As many of you have seen on the various forums, talk has been voluminous over the two new additions to the Baratza line. Kyle has once again jumped to the forefront with two new items. The first, seen above is the Vario-E. The updated Vario (and updated barely seems to cover it), has an integral digital scale which electronically controls the grinder. Thew user can program a mass of coffee, and the grinder automatically stops when that amount has been ground into the hopper. Accuracy is stated in the literature as +/- 0.2 grams, with a display resolution of .1 gram.
      It still features all the quality and adjustment of the original Vario with micro grind adjustment and quality grinding burrs. It is rated at about two pounds a day making it suitable in just about any home and even for small shop use, for decaf for example.
      Affordable, small footprint, and backed by Baratza factory support which has the well-earned reputation for being the very best in the industry.

WINNER of "Best New Product: Coffee or Tea Preparation & Serving Equipment (Consumer)"

      Also available is the Estatto. This add-on base can be added to the Maestro Plus, Virtuoso, or Preciso giving them the digital mass dosing that the Vario-E has. Your grinder is plugged into the inside to the Estatto base, then the grinder is locked into place with a bar locating the timer switch on the side of the grinder in the on position. The grinder is now controlled by the digital scale in the base and functionally programmed by the buttons on the base. It gives your grinder the same +/- 0.2 gram accuracy by weighing the dose and then turning off the grinder when that does has been reached.
      Both devices also have three memory locations to pre-program three different dose weights which can be used for different basket sizes or different brewing methods as you choose.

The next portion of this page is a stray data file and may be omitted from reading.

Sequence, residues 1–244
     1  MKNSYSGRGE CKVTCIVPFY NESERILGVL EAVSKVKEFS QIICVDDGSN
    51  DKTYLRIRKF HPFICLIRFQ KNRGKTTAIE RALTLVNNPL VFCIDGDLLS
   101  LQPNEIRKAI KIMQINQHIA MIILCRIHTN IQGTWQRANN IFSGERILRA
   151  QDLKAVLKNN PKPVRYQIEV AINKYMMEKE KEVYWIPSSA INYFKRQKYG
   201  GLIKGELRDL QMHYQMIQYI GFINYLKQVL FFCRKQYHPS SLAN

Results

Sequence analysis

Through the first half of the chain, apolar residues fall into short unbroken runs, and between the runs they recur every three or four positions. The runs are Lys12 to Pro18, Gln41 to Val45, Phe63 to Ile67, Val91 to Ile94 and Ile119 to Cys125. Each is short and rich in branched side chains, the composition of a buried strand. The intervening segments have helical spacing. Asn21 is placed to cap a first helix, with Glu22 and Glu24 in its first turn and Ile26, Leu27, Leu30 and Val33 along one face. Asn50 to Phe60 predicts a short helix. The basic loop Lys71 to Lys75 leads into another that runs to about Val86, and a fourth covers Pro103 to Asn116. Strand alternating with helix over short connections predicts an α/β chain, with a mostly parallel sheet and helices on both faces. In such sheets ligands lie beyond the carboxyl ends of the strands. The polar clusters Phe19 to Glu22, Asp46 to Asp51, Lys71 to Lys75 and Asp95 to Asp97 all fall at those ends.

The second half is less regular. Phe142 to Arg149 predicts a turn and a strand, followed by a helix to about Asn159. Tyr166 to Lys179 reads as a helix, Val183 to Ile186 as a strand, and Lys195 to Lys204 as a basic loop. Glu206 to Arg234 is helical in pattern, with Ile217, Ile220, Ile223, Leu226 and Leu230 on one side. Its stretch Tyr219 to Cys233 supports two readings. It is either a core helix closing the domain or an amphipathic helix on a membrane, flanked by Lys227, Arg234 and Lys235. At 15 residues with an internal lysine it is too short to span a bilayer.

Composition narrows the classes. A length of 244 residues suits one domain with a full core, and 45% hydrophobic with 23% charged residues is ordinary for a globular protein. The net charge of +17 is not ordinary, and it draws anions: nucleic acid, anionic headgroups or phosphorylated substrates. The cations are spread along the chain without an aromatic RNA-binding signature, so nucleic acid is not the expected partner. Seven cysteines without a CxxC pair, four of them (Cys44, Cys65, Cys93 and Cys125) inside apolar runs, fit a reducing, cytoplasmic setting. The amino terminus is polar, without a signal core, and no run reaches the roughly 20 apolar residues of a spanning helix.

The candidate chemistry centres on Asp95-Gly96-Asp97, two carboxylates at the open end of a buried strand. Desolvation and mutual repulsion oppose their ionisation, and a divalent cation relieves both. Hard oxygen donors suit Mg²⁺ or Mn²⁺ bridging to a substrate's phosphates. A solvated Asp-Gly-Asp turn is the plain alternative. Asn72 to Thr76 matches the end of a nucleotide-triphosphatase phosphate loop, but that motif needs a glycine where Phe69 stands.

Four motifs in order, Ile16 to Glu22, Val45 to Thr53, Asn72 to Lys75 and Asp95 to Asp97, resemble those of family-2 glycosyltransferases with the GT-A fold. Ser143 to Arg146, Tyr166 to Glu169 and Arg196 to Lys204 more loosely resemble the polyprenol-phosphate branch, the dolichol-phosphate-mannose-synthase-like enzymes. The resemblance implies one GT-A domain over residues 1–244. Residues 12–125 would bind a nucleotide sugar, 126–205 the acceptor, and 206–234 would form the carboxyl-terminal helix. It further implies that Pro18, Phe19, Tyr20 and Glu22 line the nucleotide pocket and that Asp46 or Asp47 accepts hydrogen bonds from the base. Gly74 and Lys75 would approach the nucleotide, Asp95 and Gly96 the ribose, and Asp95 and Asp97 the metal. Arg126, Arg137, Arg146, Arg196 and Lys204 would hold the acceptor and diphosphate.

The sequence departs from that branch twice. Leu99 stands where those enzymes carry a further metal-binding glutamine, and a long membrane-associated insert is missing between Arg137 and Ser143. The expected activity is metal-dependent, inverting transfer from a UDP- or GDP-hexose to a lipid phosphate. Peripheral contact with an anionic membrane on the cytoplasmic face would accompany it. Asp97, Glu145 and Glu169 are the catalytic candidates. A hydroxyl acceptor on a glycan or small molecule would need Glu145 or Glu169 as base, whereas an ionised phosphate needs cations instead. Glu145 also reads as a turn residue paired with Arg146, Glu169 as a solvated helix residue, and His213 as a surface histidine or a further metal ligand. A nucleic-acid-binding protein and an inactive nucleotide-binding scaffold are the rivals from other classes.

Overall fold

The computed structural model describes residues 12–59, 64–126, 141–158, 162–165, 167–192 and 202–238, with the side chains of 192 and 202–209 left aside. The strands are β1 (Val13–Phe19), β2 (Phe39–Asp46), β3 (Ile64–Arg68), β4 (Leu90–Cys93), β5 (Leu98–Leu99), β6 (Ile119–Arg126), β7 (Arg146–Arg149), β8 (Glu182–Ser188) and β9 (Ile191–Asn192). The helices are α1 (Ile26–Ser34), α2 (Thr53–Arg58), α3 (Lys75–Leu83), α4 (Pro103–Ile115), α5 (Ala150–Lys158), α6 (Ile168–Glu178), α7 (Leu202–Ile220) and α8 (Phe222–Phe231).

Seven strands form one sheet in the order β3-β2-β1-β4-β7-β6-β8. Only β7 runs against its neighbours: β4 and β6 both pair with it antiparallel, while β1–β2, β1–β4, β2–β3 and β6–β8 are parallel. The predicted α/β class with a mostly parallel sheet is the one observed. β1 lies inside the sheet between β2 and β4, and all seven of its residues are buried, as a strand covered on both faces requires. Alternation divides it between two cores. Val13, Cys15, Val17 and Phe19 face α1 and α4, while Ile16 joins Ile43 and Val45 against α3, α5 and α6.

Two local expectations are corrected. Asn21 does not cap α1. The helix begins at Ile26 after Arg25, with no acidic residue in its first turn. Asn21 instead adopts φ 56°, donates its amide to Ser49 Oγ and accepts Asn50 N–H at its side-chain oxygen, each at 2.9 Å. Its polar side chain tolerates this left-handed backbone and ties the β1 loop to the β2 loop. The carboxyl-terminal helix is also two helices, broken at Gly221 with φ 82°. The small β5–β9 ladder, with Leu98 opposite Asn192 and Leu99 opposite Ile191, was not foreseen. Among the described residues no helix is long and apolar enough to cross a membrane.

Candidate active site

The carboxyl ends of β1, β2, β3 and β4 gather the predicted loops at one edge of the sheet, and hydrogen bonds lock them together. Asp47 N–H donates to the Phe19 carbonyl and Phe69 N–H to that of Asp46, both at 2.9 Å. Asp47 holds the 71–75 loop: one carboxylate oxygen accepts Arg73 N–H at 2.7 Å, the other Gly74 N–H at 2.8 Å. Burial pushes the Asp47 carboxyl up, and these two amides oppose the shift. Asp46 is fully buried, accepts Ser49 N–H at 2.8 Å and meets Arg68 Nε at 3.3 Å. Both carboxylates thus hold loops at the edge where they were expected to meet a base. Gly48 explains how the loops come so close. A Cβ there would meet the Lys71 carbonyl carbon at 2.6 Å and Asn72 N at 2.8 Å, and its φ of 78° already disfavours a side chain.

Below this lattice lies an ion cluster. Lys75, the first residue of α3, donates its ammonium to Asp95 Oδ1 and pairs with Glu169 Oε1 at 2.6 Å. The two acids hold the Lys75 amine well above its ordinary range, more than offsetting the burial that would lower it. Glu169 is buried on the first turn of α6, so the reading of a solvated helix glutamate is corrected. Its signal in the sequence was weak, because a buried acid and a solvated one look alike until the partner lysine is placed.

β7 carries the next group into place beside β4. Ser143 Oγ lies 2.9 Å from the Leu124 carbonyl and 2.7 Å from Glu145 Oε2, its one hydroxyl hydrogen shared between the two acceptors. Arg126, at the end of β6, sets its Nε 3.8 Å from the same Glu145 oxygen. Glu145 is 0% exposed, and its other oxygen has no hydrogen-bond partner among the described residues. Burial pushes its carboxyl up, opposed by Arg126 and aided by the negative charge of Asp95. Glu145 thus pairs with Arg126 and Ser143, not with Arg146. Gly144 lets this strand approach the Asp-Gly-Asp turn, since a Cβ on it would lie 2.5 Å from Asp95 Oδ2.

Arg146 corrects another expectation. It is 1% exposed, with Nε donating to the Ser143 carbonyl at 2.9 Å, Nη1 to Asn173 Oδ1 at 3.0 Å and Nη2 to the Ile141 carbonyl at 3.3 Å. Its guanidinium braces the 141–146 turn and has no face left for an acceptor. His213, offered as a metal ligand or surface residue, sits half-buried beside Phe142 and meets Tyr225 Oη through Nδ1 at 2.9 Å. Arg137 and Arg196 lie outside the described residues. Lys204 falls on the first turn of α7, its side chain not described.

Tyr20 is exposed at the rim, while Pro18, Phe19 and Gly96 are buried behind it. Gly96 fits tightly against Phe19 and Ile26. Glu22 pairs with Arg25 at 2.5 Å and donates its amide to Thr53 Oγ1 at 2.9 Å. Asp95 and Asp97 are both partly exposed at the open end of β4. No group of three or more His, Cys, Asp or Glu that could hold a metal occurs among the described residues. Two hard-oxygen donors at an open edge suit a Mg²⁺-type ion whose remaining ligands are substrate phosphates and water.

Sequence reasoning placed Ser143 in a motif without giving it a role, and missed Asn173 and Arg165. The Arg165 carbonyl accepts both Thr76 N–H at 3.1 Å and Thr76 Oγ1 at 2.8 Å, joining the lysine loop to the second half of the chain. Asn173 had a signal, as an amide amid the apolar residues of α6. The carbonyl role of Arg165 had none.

Another favorite of mine is the MyPressi Twist. Here is the special red model which features polished stainless frame, very nicely displayed in their booth. They also have a couple of new accessories soon to be available. One is a user rechargeable device that will give two double extractions when you run out of chargers. An interesting concept that might make the MyPressi even more travel friendly and economical to use. I should be receiving one as soon as they are available, so once again, watch for a review here on my website.


      If it is big, shiny, or sophisticated, or any combination of the three, there was plenty to be seen on the exhibition floor. How about this:


      Make room in the garage for what Diedrich was showing. A roaster with an LCD display. This interfaces with a very sophisticated control system for their roasters. With roast control over every fifteen-second segment of a profile it offers tremendous control over your roasting goals. No, I did not ask how much it was!


      LaSpaz had this machine on display. According to the representative there it had enough bells and whistles to make your head spin. Programmable everything from preheating of the water before it goes into the boiler, adjustable flow rates, to programmable brew temperature, to programmable dosing, and evidently just about everything in between.


      For the mechanically minded, I saw this machine in the Wega booth. Stainless steel boiler, fittings, and piping throughout. Descale to your heart's delight. Also catching my eye in this machine was the well thought out and sanitary layout.

      Here's one that caught my eye then later raised an eyebrow:

      You may remember the roster I showed last year that looked like a steam locomotive? That one is theirs as well, but the Proaster PRE-50f is the one that caught my eye as I walked down the aisle. One of the largest air roasters around, with one exception that comes to mind, but the clean, simple design of this one looked interesting to me. The display material stated that this roaster would handle 100 grams (less than four ounces) to a full kilo (2.2 pounds). My interest was in how the control system of their air roaster handled that wide of a range of mass. Quite a design feat I thought. The gentlemen at the booth had limited ability to communicate in English (not criticizing, mind you. They did make a genuine effort to answer my questions), but they were kind enough to recognize my technical interest and handed me one of their brochures.
      Upon arriving home I read the information therein: